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High Roller Bucks the Tiger in Tonopah


May 2, 2018December 12, 2019No comments

1907

A faro game with a $50 limit (at least $1,200 today) was underway in the Tonopah Club on a Thursday night in February. Colonel Abe F. Brown, one of the three proprietors of this mining camp saloon in Central Nevada, was playing. A wealthy man, he’d accumulated his assets via gambling enterprises and playing the stock market.

Soon, Brown lost $25,000 ($630,000-plus today). He wanted the maximum bet removed, but this required consent of his partners — George Wingfield and Ed Kennedy. The manager of the Tonopah Club telephoned and explained the situation to Wingfield, who was in the town of Goldfield at the time. Wingfield permitted him to raise the limit to $5,000 ($126,000-plus today).

Brown began betting $5,000 on a single card, and before long, he was about $100,000 ahead. But then his winning streak reversed and he lost repeatedly. Roughly 24 hours later, he’d amassed a debt of  $300,000 (at least $7.5 million today)!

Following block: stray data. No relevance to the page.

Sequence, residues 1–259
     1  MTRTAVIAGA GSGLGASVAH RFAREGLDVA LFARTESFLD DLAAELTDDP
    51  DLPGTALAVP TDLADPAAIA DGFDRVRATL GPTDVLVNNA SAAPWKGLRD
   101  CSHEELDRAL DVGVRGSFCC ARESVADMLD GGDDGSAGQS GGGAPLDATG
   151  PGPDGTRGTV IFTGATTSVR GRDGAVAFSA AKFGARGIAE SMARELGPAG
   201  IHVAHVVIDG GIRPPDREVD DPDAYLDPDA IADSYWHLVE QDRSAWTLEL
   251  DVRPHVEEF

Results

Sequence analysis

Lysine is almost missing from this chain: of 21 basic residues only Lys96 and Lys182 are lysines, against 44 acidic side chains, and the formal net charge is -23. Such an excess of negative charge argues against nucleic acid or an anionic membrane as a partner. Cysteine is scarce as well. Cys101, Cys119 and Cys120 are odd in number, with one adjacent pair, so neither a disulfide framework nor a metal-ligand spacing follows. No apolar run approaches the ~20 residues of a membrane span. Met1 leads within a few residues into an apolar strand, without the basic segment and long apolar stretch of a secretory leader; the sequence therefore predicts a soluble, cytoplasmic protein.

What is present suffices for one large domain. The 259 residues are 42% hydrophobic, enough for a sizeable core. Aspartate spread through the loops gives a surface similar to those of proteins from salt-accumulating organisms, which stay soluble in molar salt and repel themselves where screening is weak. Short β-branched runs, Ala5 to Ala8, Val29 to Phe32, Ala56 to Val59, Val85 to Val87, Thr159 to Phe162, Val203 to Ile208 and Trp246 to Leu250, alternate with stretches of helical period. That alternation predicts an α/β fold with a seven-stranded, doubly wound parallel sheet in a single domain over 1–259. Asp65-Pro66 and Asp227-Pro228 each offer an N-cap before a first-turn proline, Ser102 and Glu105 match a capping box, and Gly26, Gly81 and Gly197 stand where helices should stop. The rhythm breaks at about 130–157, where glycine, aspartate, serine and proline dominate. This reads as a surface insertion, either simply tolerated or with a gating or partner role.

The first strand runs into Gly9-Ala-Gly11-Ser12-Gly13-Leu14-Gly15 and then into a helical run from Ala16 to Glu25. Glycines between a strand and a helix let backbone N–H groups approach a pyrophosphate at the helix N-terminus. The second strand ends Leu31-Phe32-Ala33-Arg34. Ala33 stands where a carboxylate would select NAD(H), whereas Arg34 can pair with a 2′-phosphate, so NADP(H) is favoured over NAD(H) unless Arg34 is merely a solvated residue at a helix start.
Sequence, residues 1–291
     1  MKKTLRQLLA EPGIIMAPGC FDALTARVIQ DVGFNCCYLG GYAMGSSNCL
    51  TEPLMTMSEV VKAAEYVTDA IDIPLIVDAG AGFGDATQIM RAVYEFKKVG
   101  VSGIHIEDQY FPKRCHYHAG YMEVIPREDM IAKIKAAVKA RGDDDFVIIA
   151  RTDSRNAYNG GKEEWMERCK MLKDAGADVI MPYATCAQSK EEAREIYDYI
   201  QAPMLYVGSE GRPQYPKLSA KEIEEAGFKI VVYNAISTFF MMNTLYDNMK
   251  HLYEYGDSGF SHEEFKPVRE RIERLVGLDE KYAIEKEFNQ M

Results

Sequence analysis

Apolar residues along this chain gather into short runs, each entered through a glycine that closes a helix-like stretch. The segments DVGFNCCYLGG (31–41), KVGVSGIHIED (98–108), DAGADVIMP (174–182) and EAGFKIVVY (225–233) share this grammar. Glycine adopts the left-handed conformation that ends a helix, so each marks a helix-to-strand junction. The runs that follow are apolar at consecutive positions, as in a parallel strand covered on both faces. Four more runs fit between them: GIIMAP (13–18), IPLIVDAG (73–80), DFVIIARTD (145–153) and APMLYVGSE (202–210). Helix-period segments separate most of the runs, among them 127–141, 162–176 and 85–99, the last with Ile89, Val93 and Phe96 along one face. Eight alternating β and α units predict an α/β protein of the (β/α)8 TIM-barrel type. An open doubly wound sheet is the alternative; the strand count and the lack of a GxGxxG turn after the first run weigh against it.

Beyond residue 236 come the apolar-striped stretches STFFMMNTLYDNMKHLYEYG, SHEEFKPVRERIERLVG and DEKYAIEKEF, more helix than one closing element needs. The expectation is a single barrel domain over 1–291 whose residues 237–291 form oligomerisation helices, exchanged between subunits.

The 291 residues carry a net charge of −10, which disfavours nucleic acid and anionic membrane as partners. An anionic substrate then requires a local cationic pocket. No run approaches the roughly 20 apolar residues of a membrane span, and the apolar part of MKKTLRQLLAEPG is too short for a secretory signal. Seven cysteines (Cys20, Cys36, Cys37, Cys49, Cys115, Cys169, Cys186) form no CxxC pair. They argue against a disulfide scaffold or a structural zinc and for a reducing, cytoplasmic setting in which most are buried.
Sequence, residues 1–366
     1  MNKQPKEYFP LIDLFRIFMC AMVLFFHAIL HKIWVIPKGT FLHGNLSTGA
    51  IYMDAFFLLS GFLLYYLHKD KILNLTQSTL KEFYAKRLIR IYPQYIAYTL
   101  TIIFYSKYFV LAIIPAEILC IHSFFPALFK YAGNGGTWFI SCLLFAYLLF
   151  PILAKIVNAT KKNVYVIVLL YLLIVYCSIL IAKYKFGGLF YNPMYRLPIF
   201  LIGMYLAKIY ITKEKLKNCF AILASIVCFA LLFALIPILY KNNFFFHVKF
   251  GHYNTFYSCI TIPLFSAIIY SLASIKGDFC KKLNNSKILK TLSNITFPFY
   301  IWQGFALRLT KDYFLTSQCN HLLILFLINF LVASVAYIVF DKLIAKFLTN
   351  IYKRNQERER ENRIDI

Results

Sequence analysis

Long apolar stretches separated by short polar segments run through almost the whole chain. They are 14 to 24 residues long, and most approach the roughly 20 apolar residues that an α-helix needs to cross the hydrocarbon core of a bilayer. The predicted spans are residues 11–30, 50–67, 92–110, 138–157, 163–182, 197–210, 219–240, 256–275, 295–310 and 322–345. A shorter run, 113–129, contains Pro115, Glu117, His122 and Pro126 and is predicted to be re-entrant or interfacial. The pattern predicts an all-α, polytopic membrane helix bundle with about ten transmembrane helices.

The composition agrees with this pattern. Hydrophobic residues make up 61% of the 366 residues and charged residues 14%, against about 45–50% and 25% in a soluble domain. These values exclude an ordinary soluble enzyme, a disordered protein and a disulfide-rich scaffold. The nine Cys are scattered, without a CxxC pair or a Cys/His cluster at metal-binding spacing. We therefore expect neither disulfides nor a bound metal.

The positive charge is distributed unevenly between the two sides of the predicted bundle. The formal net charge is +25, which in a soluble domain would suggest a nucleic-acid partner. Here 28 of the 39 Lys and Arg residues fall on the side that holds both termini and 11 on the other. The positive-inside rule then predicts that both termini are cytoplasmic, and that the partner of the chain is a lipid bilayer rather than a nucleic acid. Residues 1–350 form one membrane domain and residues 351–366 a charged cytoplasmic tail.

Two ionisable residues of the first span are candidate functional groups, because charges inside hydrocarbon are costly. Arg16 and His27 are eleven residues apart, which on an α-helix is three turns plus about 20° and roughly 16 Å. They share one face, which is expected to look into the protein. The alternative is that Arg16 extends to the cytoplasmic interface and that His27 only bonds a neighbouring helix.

“It is doubtful if ever such an enormous sum of money has been lost by one man,” reported the Reno Evening Gazette (Feb. 25, 1907).

Brown wanted to play $50,000 more, but the dealer convinced him to stop. The gambler seemed nonplussed by the misadventure.

“Brown was as cool as a cucumber after he had lost his fortune. He arose from the table, sauntered to the bar, where he took a drink, and bidding his friends goodnight, went off to bed.”

However, the next day and subsequently, he wouldn’t discuss the event and tried to keep it out of the local papers, to no avail. It was the talk of Tonopah.*

Settling Up
Kennedy, the club’s third owner, arrived from Goldfield shortly to settle Brown’s debt with him.  Because faro was a game played against the house and Brown had a one-third interest in it, in his capacity as co-owner he won $100,000 of his personal $300,000 loss, so his net debt was actually $200,000 (at least $5 million today).

To pay it off, Brown supposedly gave his Tonopah Club co-owners 11,000 shares of the Mohawk mine, valued at $17 apiece at the time, and some other stocks.

“His fortune went the same way it came,” the newspaper noted.

The whole unpleasant incident didn’t stop Brown from twisting the tiger’s tail. The very next night, he sat in on another faro game, albeit one for smaller stakes.

* Tonopah began in 1900 when prospector Jim Butler discovered silver ore in the area.

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